Myra Bean Column

Published 12:00 am Tuesday, July 8, 2008

Student-athletes hold their futures in their own hands

Recently, I was referred to as a “hack sports writer” because I have not written about the ratio of high school student-athletes who do not qualify to play for Division 1 schools.

Sign up for our daily email newsletter

Get the latest news sent to your inbox

Though playing for a Division 1 school would be someone’s greatest dream, I am just glad something motivated them to want to go to any school past high school.

I understand that it would be great for the high profile athlete if he/she qualified to play for the top schools, but it is not about us. It is about them.

Have you ever wondered how football, baseball or any sport got its first start? I do not mean the first organized game when it was recorded for posterity. I mean the first ever yard ball game, when some dad or some boy or some girl picked up a rock or stone and started throwing it around the yard. There were no rules on how far or how close you have to be to throw the rock.

Then a neighbor or brother or sister saw another having fun and decided they wanted to join in; to have some fun and relieve some boredom.

See, in the early times men showed off their horse and fighting skills in organized events and such. Those who did not have horses had to do something for recreational sports and quality family time.

When was the first child ever told he could not play sports with the other kids because of his grades? When did a mom first tell a child to do some chores and the chores were not done because the children were in the streets playing ball with each other? You know how you get caught up in something fun or exciting and time passes. People tend to forget what they are supposed to do or said they would do because of some other interesting activity.

Who was the first child ever penalized because his or her grades failed due to participation in sports?

Not the organized kind – the kind where you play with your friends in the yard after school and on weekends. The kind of sports where the kids never seem to tire and play on for hours and hours and forget they had homework or chores.

That punishment was probably never reported.

As sports began to grow more in popularity and become more organized, all sorts of rules for participation came along with it.

Why do you need a PhD to be able to play football? You don’t really, but it seems to be the way the industry is heading.

More and more rules and standards are being enacted to weed out who can play organized sports at the high school and college level.

Why can a student go to college to become a professional journalist but cannot say they are going to college to just play a sport?

As journalism is a calling to some, sports are a calling to athletes. But athletes are made to feel like they have to hide what they love.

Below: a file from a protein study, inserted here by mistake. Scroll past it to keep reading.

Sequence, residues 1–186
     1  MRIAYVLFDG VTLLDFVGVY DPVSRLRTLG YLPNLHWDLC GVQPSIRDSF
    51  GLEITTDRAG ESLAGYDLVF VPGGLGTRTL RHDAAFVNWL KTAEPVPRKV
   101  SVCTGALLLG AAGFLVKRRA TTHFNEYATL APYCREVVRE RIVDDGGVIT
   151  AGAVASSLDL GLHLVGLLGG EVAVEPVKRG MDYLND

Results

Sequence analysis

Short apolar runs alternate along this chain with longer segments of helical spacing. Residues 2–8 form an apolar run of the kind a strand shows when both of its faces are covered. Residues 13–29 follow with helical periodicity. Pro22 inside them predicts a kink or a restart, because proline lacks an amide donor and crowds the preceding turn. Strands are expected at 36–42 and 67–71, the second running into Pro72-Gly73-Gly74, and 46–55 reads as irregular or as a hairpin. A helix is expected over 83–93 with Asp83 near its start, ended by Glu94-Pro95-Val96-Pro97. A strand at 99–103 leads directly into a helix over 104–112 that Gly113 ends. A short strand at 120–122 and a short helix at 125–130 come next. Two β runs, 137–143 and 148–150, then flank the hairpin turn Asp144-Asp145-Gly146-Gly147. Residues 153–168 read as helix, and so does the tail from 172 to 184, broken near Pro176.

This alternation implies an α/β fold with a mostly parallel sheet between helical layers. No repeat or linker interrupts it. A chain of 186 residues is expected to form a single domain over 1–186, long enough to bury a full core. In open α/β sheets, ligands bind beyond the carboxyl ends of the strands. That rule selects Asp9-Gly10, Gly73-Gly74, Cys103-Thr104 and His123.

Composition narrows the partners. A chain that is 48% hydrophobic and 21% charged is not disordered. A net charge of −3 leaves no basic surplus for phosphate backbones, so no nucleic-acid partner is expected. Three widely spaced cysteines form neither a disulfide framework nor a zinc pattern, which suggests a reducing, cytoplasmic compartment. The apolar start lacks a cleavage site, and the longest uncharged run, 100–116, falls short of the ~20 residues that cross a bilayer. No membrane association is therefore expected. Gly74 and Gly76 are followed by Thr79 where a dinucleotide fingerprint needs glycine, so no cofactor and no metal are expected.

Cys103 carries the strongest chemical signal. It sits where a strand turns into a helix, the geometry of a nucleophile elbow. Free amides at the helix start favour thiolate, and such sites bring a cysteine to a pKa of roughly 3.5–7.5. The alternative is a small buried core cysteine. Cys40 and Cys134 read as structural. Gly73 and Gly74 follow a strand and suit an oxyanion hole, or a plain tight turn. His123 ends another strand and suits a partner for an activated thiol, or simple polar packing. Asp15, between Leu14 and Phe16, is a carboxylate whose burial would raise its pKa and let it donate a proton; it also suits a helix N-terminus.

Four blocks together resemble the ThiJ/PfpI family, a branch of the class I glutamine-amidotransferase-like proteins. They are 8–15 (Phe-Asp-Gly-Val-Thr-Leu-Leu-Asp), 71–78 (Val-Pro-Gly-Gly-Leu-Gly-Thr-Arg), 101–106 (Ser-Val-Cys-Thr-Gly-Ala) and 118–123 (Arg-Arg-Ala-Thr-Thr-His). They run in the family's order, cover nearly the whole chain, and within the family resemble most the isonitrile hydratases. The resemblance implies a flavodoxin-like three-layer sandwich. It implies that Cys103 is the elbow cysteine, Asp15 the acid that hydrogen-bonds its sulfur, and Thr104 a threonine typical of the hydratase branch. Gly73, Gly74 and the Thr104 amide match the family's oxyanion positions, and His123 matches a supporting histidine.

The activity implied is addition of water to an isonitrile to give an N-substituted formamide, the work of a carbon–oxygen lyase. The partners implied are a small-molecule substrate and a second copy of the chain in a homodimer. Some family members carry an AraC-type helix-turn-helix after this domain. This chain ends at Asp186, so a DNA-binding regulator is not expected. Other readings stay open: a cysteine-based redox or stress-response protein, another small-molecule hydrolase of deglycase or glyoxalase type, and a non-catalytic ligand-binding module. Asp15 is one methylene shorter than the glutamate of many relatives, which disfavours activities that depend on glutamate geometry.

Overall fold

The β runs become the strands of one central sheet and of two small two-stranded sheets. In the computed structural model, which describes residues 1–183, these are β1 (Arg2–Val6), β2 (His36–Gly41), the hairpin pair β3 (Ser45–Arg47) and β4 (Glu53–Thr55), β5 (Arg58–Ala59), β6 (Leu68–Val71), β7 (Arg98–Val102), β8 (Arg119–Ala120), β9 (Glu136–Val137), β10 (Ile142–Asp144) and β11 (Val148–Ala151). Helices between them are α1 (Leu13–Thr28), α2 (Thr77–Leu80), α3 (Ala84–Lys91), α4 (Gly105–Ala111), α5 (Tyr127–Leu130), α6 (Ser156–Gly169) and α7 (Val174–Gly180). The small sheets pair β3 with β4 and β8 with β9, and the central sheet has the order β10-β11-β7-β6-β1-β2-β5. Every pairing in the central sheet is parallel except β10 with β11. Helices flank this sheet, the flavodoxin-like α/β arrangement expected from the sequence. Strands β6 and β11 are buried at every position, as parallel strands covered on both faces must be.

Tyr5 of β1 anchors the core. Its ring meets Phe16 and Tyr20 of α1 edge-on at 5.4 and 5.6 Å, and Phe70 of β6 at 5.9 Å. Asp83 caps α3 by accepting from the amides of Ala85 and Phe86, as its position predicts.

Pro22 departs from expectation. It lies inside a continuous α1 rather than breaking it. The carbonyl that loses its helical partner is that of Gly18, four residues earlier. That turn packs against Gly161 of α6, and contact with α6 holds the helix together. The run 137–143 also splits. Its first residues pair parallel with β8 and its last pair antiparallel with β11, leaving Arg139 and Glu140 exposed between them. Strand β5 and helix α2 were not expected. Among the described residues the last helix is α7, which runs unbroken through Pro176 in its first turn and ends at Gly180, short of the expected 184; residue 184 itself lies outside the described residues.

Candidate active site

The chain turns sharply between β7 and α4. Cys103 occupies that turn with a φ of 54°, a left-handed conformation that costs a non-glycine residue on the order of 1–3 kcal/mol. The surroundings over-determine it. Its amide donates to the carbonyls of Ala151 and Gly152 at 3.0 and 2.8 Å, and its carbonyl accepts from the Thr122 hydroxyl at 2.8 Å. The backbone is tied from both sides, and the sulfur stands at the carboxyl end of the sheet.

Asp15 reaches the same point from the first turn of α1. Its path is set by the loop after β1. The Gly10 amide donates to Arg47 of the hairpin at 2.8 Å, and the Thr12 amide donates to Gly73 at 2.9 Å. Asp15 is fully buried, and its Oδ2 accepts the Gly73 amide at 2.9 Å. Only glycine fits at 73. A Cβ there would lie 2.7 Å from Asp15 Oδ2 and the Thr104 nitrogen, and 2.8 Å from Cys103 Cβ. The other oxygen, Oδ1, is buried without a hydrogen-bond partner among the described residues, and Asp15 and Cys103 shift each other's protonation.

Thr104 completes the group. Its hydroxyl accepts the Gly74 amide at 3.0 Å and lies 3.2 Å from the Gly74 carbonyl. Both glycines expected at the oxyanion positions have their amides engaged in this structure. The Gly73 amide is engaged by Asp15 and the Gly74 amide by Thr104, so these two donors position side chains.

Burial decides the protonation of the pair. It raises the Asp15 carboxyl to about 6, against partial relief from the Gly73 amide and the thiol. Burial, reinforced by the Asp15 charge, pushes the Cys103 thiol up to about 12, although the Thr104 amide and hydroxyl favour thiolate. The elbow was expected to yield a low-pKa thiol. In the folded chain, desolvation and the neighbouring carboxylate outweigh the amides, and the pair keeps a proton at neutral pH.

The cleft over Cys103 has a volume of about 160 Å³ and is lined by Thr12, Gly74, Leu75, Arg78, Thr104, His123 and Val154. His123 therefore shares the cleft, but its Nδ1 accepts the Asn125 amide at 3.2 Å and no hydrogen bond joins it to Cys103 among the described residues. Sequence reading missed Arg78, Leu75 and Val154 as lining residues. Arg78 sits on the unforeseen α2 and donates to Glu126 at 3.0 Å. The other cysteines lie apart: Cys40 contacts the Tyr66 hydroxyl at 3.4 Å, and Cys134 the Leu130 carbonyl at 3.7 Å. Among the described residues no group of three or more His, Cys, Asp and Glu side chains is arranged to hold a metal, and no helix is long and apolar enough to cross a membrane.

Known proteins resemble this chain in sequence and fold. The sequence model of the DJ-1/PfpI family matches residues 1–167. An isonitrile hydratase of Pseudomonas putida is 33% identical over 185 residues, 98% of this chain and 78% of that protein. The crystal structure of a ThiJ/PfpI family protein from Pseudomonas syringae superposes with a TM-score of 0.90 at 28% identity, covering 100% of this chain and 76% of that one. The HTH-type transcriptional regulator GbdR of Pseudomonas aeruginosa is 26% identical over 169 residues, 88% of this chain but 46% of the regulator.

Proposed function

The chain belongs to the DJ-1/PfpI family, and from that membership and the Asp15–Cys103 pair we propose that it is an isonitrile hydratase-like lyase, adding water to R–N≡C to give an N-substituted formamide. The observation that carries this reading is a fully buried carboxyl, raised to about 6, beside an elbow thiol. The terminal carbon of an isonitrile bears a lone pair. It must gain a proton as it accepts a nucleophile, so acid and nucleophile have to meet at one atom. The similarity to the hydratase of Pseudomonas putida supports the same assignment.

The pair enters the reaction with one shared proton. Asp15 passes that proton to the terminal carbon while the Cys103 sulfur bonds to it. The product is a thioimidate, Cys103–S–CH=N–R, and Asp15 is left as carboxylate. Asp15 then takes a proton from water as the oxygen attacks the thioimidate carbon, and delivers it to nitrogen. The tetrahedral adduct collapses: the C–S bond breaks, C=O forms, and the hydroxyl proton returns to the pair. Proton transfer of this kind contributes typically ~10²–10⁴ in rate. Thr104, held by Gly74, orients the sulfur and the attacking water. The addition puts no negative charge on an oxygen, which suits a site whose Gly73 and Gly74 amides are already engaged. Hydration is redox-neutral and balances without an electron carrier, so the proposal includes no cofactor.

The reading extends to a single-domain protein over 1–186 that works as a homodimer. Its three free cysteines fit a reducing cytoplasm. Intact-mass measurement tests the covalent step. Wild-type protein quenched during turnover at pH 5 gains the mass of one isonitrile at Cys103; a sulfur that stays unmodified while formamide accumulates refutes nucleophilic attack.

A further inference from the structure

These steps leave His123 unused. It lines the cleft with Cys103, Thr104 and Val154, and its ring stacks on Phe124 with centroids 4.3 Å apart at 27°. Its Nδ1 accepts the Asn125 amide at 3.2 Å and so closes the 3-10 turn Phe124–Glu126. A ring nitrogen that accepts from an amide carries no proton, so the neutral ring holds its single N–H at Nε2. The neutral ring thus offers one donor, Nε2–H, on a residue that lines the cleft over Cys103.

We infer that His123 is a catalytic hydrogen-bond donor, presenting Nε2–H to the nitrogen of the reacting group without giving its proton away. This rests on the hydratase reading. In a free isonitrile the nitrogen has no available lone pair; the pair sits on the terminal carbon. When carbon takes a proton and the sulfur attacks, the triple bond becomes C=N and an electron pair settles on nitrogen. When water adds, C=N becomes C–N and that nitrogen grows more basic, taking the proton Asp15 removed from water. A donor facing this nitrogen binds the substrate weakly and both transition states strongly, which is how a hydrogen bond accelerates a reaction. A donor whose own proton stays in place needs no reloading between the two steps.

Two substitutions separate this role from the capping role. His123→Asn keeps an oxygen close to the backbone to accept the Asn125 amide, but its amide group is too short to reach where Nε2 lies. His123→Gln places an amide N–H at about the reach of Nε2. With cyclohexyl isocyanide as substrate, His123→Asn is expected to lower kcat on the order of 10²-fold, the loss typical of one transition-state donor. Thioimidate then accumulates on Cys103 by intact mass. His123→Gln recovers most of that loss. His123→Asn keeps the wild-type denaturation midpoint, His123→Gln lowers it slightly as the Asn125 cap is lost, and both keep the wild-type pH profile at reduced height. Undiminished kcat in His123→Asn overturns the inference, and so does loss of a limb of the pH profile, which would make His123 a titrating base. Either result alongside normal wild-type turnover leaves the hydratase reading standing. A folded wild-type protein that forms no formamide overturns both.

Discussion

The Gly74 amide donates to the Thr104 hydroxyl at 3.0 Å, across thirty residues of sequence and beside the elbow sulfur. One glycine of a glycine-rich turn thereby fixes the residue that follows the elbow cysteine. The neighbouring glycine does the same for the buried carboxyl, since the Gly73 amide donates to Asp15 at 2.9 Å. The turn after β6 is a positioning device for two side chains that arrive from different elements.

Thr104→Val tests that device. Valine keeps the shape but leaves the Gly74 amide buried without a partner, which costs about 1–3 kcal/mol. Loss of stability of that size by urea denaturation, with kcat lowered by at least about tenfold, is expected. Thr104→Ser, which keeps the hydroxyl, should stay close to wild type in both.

Accusations come down about the schools not getting the student-athletes eligible for college.

In speaking with South Panola High School counselor, Shauna Myers, athletes have to have 16-core courses to meet NCAA eligibility. Students have to plan and make an extra effort to graduate eligible for admission into a four-year university. Upon high school graduation with the basic 24-required courses, students from South Panola are eligible to attend a junior college.

Many athletes in their early years may not plan to attend college. Then, lo and behold in their junior and senior years, they do well enough to earn the attention of major universities and are offered scholarships. Those who did not plan ahead may not have taken the four required math courses necessary to enter a university. The high school requires four math units, but pre-algebra and basic math are not recognized by the universities as fulfilling requirements.

South Panola does offer all the university required courses for students who plan to bypass the community college. It even offers AP (advanced placement) courses for college hours.

Therefore, it takes some time before entering high school by the parents and students to make sure students plan for contingencies.

The NCAA even makes it easier for athletes to enter the universities than non-athletes. Athletes can take the ACT four times, have their grades added together and have a higher score than other students. The problem is most athletes do not take the ACT but once and miss out on the opportunities presented to them by the colleges. Some universities even take lower high school GPA, but require a higher ACT score.

The counselors have all this information for the student-athlete, but they cannot hold the athletes’ hands all the way through school. In college, the coaching staff rides hard on the athletes to make sure they go to class. All the other students have to get up and go on their own.

If the athletes are not eligible for university admission, it is their fault – not the school’s. The opportunities are there. Start in the ninth grade taking the ACT. Yes, it will cost about $40 every time. But if it got my college paid for, I would consider that a fair return.

So you have had my speech about students becoming academically eligible for Division 1 schools. Plan ahead and you can play for Ole Miss, Mississippi State or any other SEC, Conference USA or Division 1 university. Athletes, you need to take responsibility for your own future and decide what you want out of life.

Earn your way and no one can ever take it away from you. If you always wait or expect someone to give you something, that well will dry up and you will be left with nothing.

Myra Bean may be contacted at